ECE: Electrical & Computer Engineering
ECE News

Mathematical modeling to fight breast cancer

breast cancer cell

Recently, experimentalists at Georgetown found that a key chaperone protein known as BIP or GRP78, which helps fold newly synthesized proteins, was over-expressed in a resistant breast cancer cell line compared to a sensitive cancer cell line. Click image to expand

Virginia Tech researchers have developed a model that may eventually help explain and overcome drug resistance in breast cancer treatment.

As part of the Georgetown Center for Cancer Systems Biology, ECE faculty members William Baumann, Joseph Wang, and Jason Xuan, with John Tyson of Biology, have been using mathematical modeling and machine learning approaches to understand the causes of drug resistance in breast cancer treatment.

Recently, experimentalists at Georgetown found that a key chaperone protein known as BIP or GRP78, which helps fold newly synthesized proteins, was over-expressed in a resistant breast cancer cell line compared to a sensitive cancer cell line. Reducing the expression of BIP in the resistant cell line caused the cells to become sensitive to drugs, while enhancing its expression in the sensitive cell line caused the cells to become resistant to drugs.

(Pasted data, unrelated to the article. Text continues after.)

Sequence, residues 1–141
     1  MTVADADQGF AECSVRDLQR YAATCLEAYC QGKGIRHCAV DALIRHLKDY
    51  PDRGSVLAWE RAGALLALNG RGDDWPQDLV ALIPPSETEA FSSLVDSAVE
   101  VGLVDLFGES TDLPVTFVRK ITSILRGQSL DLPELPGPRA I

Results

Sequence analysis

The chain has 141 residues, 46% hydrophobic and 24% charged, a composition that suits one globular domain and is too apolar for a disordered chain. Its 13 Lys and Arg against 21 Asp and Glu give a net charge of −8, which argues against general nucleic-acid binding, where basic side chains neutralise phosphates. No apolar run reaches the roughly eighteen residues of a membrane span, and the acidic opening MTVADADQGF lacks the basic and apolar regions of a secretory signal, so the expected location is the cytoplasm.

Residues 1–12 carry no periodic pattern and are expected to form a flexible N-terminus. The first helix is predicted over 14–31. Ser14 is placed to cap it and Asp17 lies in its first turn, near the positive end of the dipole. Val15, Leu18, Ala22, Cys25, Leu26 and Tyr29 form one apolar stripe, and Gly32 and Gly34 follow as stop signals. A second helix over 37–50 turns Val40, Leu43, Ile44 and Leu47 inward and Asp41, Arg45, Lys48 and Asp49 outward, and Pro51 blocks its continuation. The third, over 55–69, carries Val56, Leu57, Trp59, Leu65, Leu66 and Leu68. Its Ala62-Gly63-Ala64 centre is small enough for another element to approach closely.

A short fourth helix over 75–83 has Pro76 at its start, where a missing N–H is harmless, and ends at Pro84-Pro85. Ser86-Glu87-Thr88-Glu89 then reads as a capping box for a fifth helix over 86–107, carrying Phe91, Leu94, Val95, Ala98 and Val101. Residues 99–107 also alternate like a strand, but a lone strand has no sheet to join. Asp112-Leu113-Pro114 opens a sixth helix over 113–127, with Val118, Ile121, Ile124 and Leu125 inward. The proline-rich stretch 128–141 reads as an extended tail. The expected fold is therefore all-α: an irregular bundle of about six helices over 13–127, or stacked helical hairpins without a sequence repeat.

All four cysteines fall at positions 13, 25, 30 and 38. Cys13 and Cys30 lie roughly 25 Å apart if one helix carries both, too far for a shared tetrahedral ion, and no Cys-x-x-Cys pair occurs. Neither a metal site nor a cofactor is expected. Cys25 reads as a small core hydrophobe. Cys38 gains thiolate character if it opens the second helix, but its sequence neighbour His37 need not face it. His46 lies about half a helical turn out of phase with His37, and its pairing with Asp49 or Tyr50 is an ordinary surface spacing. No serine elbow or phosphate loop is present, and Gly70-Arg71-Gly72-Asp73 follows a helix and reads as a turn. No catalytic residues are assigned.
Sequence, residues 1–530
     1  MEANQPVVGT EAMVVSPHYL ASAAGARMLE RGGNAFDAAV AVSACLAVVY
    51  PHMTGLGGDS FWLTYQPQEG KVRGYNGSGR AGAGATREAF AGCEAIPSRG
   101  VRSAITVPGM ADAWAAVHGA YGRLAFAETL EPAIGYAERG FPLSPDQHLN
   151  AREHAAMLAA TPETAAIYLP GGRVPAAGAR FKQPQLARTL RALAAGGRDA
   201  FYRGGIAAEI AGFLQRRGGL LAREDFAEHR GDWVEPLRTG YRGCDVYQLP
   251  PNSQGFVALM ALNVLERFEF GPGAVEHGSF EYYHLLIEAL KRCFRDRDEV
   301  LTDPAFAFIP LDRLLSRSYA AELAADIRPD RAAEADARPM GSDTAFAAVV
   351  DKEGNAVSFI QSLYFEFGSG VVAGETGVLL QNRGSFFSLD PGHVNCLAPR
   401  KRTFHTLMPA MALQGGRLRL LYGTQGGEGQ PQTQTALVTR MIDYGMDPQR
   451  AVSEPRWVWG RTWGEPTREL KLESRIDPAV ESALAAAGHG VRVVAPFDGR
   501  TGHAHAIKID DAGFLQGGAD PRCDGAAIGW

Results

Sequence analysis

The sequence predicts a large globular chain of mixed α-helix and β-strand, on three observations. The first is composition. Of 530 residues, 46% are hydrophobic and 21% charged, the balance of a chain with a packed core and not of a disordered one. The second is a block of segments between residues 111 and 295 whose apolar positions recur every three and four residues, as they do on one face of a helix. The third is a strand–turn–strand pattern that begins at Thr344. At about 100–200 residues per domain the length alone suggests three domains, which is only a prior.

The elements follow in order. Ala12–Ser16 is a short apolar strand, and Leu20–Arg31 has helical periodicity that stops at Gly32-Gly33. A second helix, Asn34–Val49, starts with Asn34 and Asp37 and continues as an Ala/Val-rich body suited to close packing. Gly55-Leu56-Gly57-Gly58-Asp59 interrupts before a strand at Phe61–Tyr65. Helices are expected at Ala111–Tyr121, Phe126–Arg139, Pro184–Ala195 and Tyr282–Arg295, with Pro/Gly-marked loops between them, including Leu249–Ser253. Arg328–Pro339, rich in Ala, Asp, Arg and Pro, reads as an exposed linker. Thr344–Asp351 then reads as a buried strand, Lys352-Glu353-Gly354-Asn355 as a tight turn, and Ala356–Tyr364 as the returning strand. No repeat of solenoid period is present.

Understanding this intriguing experimental result is complicated by the interaction of three complex cellular subsystems: the Unfolded Protein Response, autophagy (self-eating), and apoptosis (programmed death).

Virginia Tech researchers mathematically modeled each of the three subsystems using nonlinear ordinary differential equations to capture their basic behavior, then combined the subsystems as depicted in the figure above. While much is unknown about some of the interactions, the model was able to recapitulate the experimental results. The model is being used to suggest new experiments to improve the model and understanding of drug resistance. Ultimately, the model can be used to find combinations of drugs to kill the resistant cancer cells, according to Baumann.